In 2021, ExpresVPN released its survey findings, with 86% of the sample of 1500 Americans reporting that social media negatively impacts their self-image and happiness. In addition, 79% and 83% reported negative effects on loneliness, depression and anxiety.
A 2022 cross-national online study for the UK, the United States, Australia, and Norway reported that those who used social media to decrease loneliness or for entertainment during the pandemic experienced the opposite— poor mental health.
69% of adults and nearly 81% of teens in the United States use social media, based on a survey published by the Pew Research Center. Unfortunately, that puts many of the population at risk of feeling depressed, anxious, or ill over their social media usage.
Approximately 86% of 18-to 29-years olds use several social media platforms. However, 80% of people aged 30-49 and 64% of 50-64 people are on social media.
Even 33% of people aged 65 use social media.
The Pew Centre found that 97% of teenagers ages 13 to 17 have at least one social media account.
The National Institute of Mental Health showed that the lifetime prevalence of mental health complications among adolescents is nearly 50%, and 22% of adolescents will suffer from severe mental impairment.
But we can not stop it easily!
More than 6 out of 10 men and 5 out of women suffer from social media addiction, according to Cross River Therapy.
Young adults aged between 18 and 25 have the highest tendency to be affected by mental illness of any adult age group: 25%. Young adults between 26 to 49 have a 22% prevalence, and 50-years people and older have around 13.8%.
Even though using social media for personal connection and maintaining relationships is associated with enhancing our mental health, reality tells us it’s not.
There was still a correlation between increased hours on social media and the poorer mental health we experienced.
On the other hand, a pilot study in 2021 with a broad base of 68 university students found that many students reported a positive change in their mood, improved sleep, and reduced anxiety during and immediately after bringing down daily social media usage or even trying a social media break.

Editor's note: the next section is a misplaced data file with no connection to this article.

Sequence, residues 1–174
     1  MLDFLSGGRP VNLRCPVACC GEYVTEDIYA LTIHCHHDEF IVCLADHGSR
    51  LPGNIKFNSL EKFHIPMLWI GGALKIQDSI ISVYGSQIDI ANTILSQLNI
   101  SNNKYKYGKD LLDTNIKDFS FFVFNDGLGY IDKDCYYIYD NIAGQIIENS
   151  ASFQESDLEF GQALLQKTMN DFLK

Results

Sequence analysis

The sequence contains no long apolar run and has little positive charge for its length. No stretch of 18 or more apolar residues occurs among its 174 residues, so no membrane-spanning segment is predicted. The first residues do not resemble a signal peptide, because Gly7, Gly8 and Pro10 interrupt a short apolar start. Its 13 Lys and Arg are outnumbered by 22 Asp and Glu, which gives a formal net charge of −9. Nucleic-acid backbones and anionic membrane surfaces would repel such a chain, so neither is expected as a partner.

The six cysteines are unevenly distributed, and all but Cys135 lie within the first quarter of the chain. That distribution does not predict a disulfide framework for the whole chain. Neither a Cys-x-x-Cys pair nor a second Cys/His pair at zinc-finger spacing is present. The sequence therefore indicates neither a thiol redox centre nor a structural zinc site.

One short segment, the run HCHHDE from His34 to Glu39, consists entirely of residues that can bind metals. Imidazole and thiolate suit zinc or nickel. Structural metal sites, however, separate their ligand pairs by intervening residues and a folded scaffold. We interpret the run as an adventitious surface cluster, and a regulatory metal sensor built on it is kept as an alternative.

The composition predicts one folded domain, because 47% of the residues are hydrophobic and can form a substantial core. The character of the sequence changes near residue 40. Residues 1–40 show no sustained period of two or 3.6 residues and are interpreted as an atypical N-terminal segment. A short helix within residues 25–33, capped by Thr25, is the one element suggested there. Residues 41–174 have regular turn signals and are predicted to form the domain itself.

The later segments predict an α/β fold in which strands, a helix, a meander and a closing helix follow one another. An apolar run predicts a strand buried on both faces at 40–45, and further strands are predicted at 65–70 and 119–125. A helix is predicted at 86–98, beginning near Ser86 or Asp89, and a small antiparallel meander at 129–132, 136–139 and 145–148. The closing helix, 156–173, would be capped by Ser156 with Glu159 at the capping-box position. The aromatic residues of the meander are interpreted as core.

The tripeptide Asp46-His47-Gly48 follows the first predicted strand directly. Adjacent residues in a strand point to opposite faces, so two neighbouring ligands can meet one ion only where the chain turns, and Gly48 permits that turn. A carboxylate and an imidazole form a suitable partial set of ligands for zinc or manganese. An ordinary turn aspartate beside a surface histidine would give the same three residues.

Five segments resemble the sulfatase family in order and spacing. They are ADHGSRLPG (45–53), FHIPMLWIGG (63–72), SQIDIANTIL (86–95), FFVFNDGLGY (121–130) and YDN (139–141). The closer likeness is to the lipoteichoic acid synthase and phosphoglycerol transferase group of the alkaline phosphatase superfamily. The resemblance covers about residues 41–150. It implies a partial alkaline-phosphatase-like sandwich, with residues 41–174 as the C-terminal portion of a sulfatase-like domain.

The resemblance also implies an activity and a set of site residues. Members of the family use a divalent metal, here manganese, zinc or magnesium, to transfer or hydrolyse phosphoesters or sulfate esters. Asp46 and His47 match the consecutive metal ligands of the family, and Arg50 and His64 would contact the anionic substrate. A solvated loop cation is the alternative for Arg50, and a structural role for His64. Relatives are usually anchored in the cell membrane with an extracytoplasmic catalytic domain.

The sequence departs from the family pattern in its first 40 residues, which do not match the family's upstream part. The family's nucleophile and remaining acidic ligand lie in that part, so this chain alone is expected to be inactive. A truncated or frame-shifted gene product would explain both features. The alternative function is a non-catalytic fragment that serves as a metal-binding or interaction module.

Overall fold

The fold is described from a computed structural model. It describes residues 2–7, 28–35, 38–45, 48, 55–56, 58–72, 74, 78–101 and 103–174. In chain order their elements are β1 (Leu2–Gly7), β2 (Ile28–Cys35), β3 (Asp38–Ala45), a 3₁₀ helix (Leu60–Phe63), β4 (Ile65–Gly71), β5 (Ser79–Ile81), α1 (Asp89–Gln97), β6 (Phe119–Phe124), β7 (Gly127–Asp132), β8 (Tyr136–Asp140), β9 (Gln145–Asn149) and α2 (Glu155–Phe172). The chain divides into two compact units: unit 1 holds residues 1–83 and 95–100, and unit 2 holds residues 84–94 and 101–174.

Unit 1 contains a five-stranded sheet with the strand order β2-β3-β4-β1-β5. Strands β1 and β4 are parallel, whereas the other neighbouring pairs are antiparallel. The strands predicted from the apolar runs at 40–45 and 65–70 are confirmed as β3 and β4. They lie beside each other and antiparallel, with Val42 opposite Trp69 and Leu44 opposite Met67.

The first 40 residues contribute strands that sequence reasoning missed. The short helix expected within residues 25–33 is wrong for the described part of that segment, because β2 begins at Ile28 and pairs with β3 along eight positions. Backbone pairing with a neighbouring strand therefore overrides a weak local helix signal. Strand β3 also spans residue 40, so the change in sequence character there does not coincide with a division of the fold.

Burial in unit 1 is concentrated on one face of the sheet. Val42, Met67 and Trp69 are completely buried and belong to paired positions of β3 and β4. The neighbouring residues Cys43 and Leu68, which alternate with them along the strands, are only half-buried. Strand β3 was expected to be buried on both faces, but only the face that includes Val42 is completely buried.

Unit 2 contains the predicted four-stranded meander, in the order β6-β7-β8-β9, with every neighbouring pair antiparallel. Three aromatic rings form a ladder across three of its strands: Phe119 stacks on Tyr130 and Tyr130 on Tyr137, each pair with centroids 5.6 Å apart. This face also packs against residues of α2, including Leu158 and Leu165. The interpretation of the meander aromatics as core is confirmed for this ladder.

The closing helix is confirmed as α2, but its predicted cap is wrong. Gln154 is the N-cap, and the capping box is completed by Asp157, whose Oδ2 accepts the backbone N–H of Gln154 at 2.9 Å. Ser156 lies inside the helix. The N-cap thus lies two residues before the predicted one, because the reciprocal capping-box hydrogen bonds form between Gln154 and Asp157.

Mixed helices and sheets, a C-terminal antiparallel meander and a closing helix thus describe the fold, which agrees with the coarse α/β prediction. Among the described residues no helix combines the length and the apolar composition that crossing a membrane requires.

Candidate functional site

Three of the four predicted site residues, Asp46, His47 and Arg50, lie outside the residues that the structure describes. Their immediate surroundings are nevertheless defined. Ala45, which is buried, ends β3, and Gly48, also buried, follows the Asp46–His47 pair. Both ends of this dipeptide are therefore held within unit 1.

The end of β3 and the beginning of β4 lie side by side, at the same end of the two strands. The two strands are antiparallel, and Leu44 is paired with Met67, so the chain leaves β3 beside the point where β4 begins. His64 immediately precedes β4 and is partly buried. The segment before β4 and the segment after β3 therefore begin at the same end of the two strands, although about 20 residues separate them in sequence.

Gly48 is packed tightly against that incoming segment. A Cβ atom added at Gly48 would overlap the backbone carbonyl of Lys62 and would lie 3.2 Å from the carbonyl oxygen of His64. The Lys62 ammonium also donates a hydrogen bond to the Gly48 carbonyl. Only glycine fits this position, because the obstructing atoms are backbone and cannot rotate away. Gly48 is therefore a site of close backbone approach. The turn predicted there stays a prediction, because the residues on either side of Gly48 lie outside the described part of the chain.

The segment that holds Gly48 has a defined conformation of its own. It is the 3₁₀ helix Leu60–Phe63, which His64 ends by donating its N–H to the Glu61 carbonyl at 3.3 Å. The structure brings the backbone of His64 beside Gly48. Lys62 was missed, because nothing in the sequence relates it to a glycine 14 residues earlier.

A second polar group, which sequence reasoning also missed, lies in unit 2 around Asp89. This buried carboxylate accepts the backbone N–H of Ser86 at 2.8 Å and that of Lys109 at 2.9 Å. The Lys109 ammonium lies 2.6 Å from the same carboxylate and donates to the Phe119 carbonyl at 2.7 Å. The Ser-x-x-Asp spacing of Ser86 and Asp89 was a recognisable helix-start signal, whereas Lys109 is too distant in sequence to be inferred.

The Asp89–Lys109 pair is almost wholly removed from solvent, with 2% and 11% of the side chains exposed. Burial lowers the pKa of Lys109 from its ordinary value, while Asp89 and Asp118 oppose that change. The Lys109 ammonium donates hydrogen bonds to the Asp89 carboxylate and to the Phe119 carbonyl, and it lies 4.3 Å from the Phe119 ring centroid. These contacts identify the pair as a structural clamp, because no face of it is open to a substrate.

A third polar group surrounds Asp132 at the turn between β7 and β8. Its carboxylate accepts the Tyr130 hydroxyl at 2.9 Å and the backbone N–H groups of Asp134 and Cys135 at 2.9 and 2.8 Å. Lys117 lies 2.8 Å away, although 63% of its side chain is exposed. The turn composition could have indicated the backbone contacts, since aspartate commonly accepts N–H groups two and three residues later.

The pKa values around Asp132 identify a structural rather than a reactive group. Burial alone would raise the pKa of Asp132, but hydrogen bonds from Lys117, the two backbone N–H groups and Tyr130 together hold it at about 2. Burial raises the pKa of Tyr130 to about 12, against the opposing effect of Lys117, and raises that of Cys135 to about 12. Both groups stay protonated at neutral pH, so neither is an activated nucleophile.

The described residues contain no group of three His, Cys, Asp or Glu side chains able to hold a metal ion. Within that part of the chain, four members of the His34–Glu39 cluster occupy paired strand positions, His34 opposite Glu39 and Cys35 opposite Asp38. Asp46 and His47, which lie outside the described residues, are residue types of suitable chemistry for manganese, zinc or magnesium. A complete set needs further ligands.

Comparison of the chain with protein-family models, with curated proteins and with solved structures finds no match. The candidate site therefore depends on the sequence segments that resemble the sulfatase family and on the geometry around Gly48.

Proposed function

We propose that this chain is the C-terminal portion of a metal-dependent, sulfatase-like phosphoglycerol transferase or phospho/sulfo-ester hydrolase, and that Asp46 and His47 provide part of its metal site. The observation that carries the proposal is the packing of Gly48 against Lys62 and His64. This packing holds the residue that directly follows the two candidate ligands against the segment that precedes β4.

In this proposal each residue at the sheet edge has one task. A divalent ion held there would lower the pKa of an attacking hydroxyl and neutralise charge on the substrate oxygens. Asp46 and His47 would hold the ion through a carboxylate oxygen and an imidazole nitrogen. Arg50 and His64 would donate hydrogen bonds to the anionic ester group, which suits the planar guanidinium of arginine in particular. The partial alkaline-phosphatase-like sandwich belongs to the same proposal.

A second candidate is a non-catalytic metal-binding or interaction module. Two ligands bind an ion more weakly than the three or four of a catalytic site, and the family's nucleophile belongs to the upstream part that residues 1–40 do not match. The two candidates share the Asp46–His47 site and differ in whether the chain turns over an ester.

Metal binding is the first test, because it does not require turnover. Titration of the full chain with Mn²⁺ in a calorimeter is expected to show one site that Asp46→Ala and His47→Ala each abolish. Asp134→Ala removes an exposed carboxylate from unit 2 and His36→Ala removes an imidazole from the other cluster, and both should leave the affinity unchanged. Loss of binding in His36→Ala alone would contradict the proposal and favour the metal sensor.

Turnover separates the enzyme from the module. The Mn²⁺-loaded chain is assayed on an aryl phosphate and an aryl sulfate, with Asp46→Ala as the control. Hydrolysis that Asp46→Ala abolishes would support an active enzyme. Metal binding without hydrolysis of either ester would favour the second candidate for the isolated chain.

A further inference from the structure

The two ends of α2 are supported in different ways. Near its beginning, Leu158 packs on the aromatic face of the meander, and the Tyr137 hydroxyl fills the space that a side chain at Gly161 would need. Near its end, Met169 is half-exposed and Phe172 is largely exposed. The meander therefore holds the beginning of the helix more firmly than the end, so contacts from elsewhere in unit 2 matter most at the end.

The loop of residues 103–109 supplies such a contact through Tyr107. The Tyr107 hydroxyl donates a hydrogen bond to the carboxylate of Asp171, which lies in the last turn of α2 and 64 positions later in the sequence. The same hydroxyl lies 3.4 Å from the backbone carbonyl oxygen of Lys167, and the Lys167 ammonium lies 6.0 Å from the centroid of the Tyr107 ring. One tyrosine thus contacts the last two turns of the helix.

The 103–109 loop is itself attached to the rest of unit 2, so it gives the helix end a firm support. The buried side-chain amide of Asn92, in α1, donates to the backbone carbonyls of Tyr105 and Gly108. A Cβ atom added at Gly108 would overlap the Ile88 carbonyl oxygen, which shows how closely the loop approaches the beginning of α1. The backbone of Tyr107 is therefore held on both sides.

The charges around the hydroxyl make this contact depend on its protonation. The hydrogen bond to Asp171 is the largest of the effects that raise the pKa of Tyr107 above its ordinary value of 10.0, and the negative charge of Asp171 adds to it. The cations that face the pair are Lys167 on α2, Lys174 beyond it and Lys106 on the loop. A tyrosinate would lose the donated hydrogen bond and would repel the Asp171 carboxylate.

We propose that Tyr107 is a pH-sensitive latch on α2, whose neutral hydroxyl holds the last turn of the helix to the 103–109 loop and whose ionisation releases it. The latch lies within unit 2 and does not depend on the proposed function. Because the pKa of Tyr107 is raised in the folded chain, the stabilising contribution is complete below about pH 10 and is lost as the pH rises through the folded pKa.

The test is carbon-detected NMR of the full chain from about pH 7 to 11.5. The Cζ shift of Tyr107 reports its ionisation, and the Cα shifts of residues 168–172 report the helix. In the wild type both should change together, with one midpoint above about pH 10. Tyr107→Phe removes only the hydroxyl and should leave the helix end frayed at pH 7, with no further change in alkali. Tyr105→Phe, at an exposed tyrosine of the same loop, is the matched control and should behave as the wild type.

Indeed, the data seems pretty clear! So if you don’t want to experience anxiety, poor self-image, loneliness, depression, and even poor sleep, making some tweaks to social media consumption may be a good idea to start healing your mind from this chase.
Signs Tell You a Break is a Must
But when should you take a social media break? If you are not sure about your healthy habits, check these signs:
*Please note you can experience one or all of them; it depends. But as a general rule, try to unplug frequently, especially if you consume it heavily.
You Start Scrolling Without Even Realising
There is something addictive about social media that is comforting to us. That even prevents us from having a new smoke break. From out of nowhere, we find ourselves holding our phones and start scrolling without even realising it. If any task you should do ends up keeping checking accounts, it could be an indicator that you’re turning out to be too absorbed.
You Can’t Stop Comparing
It’s one of the most severe social media problems! It’s often said that these platforms are a highlight reel of other people’s lives. However, it shouldn’t make you feel bad about yourself, dissatisfied or inadequate with your own life.
It’s not common to post about your failure, divorce, hardship and sadness, but all those things are part of our life journey; everyone experiences them. Unfortunately, these hard times are still happening for us.